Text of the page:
The purpose of this paper is to examine a bold and ambitious scheme known as the North East transformation system (NETS). The principal aim of the NETS is the achievement of a step-change in the quality of health services delivered to people living in the North East region of England. The paper charts the origins of the NETS and its early journey before describing what happened to it when the UK coalition government published its proposals for unexpected major structural change in the NHS. This had a profound impact on the leadership and direction of the NETS and resulted in it taking a different direction from that intended.
The research design took the form of a mixed methods, longitudinal 3.5-year study aimed at exploring transformational change in terms of content, context, process and outcomes. The sample of study sites comprised 14 NHS trusts in the North East region chosen to provide geographical coverage of the area and to reflect the scale, scope and variety of the bodies that formed part of the NETS programme. The qualitative component of the research, which the paper draws upon, included 68 semi-structured interviews, observational studies and focus groups. Data analysis made use of both deductive and inductive frameworks. The deductive framework adopted was Pettigrew et al.’s “receptive contexts for change” and four of the eight factors stood out as especially important and form the basis of the paper.
The fate of the NETS was shaped and influenced by the eight factors comprising the Pettigrew et al. receptive contexts for change framework but four factors in particular stood out as being especially significant: environmental pressure, quality and coherence of policy, key people leading change, supportive organisational culture. Perhaps the most significant lesson from the NETS is that achieving whole systems change is particularly vulnerable to the vicissitudes of politics especially where that system, like the UK NHS, is itself subject to those very same pressures. Yet, despite having an enormous influence on health policy, the political context is frequently avoided in research or not regarded as instrumental in determining the outcomes in respect of transformational change.
The chief limitation is the credibility and authenticity of the interviews captured at particular points in time. These formed the datebase for subsequent analysis. The authors sought to guard against possible bias by supplementing interviews with observational studies and focus groups as well as running two dissemination events at which emerging findings from the study were subjected to independent external scrutiny and comment. These events provided a form of validation for the key study findings.
The research findings demonstrate the importance of context for the likely outcome and success of complex transformational change initiatives. These require time to become embedded and demonstrate results especially when focused on changing culture and behaviour. But, in practice, allowing sufficient time during which the organisation may remain sufficiently stable to allow the change intervention to run its course and become embedded and sustainable is highly problematic. The consequence is that bold and ambitious efforts like the NETS are not given the space and stability to prove themselves. Too often, politics and external environmental pressures intrude in ways that may prove dysfunctional and negative.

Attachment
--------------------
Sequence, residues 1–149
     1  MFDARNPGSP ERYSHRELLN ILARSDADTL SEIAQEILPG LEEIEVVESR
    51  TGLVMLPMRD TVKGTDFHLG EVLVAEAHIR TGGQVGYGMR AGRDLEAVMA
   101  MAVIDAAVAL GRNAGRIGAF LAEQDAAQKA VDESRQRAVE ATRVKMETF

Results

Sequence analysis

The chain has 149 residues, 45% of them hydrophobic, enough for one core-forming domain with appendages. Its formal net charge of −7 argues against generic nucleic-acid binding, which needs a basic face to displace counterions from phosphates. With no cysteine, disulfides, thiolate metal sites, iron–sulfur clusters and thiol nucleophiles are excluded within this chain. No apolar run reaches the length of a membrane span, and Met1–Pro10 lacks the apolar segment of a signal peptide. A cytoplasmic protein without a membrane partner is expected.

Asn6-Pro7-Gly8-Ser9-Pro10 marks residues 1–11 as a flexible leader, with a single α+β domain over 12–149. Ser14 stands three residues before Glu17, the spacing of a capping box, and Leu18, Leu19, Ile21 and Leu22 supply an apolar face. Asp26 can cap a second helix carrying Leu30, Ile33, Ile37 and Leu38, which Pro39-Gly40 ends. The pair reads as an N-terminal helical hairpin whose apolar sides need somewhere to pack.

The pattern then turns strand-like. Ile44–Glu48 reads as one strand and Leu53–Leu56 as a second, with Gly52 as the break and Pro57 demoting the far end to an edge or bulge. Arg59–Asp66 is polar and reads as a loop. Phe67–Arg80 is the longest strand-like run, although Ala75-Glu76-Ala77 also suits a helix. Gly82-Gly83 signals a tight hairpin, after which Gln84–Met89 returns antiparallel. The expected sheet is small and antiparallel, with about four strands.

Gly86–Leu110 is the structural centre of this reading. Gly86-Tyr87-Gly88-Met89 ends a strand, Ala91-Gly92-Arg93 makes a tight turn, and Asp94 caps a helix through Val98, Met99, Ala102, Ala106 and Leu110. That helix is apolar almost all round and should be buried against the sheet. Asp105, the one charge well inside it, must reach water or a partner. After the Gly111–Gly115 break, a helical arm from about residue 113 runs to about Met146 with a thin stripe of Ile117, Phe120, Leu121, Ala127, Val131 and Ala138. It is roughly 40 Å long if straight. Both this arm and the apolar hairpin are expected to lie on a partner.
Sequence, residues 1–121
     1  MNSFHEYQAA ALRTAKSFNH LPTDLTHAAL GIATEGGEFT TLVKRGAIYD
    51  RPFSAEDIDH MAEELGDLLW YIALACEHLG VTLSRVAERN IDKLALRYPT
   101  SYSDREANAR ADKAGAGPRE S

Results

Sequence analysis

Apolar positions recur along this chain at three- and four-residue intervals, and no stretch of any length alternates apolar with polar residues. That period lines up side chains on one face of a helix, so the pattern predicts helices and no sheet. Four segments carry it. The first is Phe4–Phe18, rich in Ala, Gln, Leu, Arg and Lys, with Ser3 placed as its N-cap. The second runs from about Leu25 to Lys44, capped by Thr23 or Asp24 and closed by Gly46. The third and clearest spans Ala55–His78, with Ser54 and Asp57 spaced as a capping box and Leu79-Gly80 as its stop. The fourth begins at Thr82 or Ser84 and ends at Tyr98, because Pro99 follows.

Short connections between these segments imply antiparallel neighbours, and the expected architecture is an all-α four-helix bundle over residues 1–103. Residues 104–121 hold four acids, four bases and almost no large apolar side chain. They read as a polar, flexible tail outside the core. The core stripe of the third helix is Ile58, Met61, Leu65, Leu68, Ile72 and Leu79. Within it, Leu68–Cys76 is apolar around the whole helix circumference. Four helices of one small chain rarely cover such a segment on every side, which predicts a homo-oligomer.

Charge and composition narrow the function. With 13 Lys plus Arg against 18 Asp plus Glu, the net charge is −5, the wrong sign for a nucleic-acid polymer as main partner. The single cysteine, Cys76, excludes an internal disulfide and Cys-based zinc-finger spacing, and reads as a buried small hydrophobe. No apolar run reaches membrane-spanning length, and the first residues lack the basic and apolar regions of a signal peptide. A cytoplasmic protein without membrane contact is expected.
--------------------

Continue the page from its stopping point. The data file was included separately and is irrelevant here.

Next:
Unless a different approach to transformational change and its leadership and management is adopted, then changing the NHS to enable it to appear more responsive to changing health care needs and expectations will remain a cause for concern. Ultimately the public will be the losers if the NHS remains insensitive to changing needs and expectations. The patient experience was at the centre of the NETS programme.
The study is original insofar as no other has sought to evaluate the NETS independently and over a reasonable time period. The research design, based on a mixed-methods approach, is unusual in evaluations of this nature. The study’s conclusions are not so original but their value lies in largely confirming and reinforcing the findings from other studies. It perhaps goes further in stressing the impact of politics on health policy and the negative consequences of constant organisational change on attempts to achieve deep change in the way the NHS is organised and led.
© David Hunter, Jonathan Erskine, Adrian Small, Tom McGovern, Chris Hicks, Paula Whitty and Edward Lugsden. Published by Emerald Group Publishing Limited. This article is published under the Creative Commons Attribution (CC BY 3.0) licence. Anyone may reproduce, distribute, translate and create derivative works of this article (for both commercial & non-commercial purposes), subject to full attribution to the original publication and authors. The full terms of this licence may be seen at http://creativecommons.org/licences/by/3.0/legalcode
Hunter, D., Erskine, J., Small, A., McGovern, T., Hicks, C., Whitty, P. and Lugsden, E. (2015), "Doing transformational change in the English NHS in the context of “big bang” redisorganisation: Findings from the North East transformation system ", Journal of Health Organization and Management, Vol. 29 No. 1, pp. 10-24. https://doi.org/10.1108/JHOM-01-2014-0019Download as .RIS
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